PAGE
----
I've recently implemented the canonical map-reduce example in Akka: Word count. So it's one use case of Akka: better performance. It was more of a experiment of JRuby and Akka's actors than anything else, but it also shows that Akka is not Scala or Java only: it works on all languages on top of JVM.

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Do you know what is responsible for better performance (and also compared to which alternative)? Is that due to using JRuby on JVM (vs native Ruby), scalalibiliy due to non-blocking I/O or something else? –  StaxMan Dec 21 '10 at 18:24
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The comparison I wrote was: Jruby sequential VS Jruby with actors. Therefore, the only thing that can be responsible for faster execution is the participation of the actors. No I/O participated on the experiments (a file is load from disk, but it is done before the benchmark timer is set). –  Daniel Ribeiro Dec 22 '10 at 1:10
    
I've recently implemented a map reduce example as well, but it's just plain vanilla java github.com/chaostheory/jibenakka –  chaostheory Aug 27 '11 at 7:35

You can use Akka for several different kinds of things.

I was working on a website, where I migrated the technology stack to Scala and Akka. We used it for pretty much everything that happened on the website. Even though you might think a Chat example is bad, all are basically the same:

  • Live updates on the website (e.g. views, likes, ...)
  • Showing live user comments
  • Notification services
  • Search and all other kinds of services

Especially the live updates are easy since they boil down to what a Chat example ist. The services part is another interesting topic because you can simply choose to use remote actors and even if your app is not clustered, you can deploy it to different machines with ease.

I am also using Akka for a PCB autorouter application with the idea of being able to scale from a laptop to a data center. The more power you give it, the better the result will be. This is extremely hard to implement if you try to use usual concurrency because Akka gives you also location transparency.

Currently as a free time project, I am building a web framework using only actors. Again the benefits are scalability from a single machine to an entire cluster of machines. Besides, using a message driven approach makes your software service oriented from the start. You have all those nice components, talking to each other but not necessarily knowing each other, living on the same machine, not even in the same data center.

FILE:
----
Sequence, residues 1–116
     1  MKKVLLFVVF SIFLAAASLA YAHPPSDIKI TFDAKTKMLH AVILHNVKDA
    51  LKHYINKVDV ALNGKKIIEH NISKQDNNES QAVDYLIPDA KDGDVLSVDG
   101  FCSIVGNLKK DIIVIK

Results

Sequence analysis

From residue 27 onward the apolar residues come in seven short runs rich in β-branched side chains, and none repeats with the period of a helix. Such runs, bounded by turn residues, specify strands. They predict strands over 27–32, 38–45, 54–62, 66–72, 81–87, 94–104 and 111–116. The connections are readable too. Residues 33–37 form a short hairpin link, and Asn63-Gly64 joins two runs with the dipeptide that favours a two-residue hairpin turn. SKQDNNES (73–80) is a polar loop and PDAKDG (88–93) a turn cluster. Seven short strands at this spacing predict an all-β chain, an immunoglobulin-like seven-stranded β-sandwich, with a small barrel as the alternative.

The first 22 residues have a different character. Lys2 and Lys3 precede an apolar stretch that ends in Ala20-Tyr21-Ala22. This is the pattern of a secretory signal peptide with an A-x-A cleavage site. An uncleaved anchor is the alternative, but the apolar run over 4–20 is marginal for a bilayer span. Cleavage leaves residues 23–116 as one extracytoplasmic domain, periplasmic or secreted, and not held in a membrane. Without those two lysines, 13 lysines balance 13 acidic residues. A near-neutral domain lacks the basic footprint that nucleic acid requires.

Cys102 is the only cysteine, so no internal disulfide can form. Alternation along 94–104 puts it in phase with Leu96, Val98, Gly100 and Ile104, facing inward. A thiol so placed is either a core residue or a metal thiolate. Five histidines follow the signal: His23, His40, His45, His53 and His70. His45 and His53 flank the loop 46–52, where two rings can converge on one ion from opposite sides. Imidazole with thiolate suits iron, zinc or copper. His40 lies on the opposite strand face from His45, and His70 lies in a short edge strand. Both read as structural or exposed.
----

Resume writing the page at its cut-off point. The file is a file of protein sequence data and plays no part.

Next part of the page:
And since Google Reader shut down I started with a RSS reader, using Akka of course. It is all about encapsulated services for me. As a conclusion: The actor model itself is what you should adopt first and Akka is a very reliable framework helping you to implement it with a lot of benefits you will receive along the way.

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I was trying out my hands on Akka (Java api). What I tried was to compare Akka's actor based concurrency model with that of plain Java concurrency model (java.util.concurrent classes).

The use case was a simple canonical map reduce implementation of character count. The dataset was a collection of randomly generated strings (400 chars in length), and calculate the number of vowels in them.

For Akka I used a BalancedDispatcher(for load balancing amongst threads) and RoundRobinRouter (to keep a limit on my function actors). For Java, I used simple fork join technique (implemented without any work stealing algorithm) that would fork map/reduce executions and join the results. Intermediate results were held in blocking queues to make even the joining as parallel as possible. Probably, if I am not wrong, that would mimic somehow the "mailbox" concept of Akka actors, where they receive messages.

Observation: Till medium loads (~50000 string input) the results were comparable, varying slightly in different iterations. However, as I increased my load to ~100000 it would hang the Java solution. I configured the Java solution with 20-30 threads under this condition and it failed in all iterations.

Increasing the load to 1000000, was fatal for Akka as well. I can share the code with anyone interested to have a cross check.

So for me, it seems Akka scales out better than traditional Java multithreaded solution. And probably the reason is the under the hood magic of Scala.

If I can model a problem domain as an event driven message passing one, I think Akka is a good choice for the JVM.

Test performed on: Java version:1.6 IDE: Eclipse 3.7 Windows Vista 32 bit. 3GB ram. Intel Core i5 processor, 2.5 GHz clock speed

Please note, the problem domain used for the test can be debated and I tried to be as much fair as my Java knowledge allowed :-)

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"I can share the code with anyone interested to have a cross check." I would like to if you don't mind. –  n1r3 Sep 5 '12 at 9:38
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I would also like the code, can you post a github link ? –  Gautam Oct 31 '12 at 5:58
    
Thank you for your interest. Unfortunately I have some problems setting up a github repo. If you can give me your emails, I can mail over the source code. And regrets for a late reply! –  sutanu dalui Jan 31 '13 at 6:38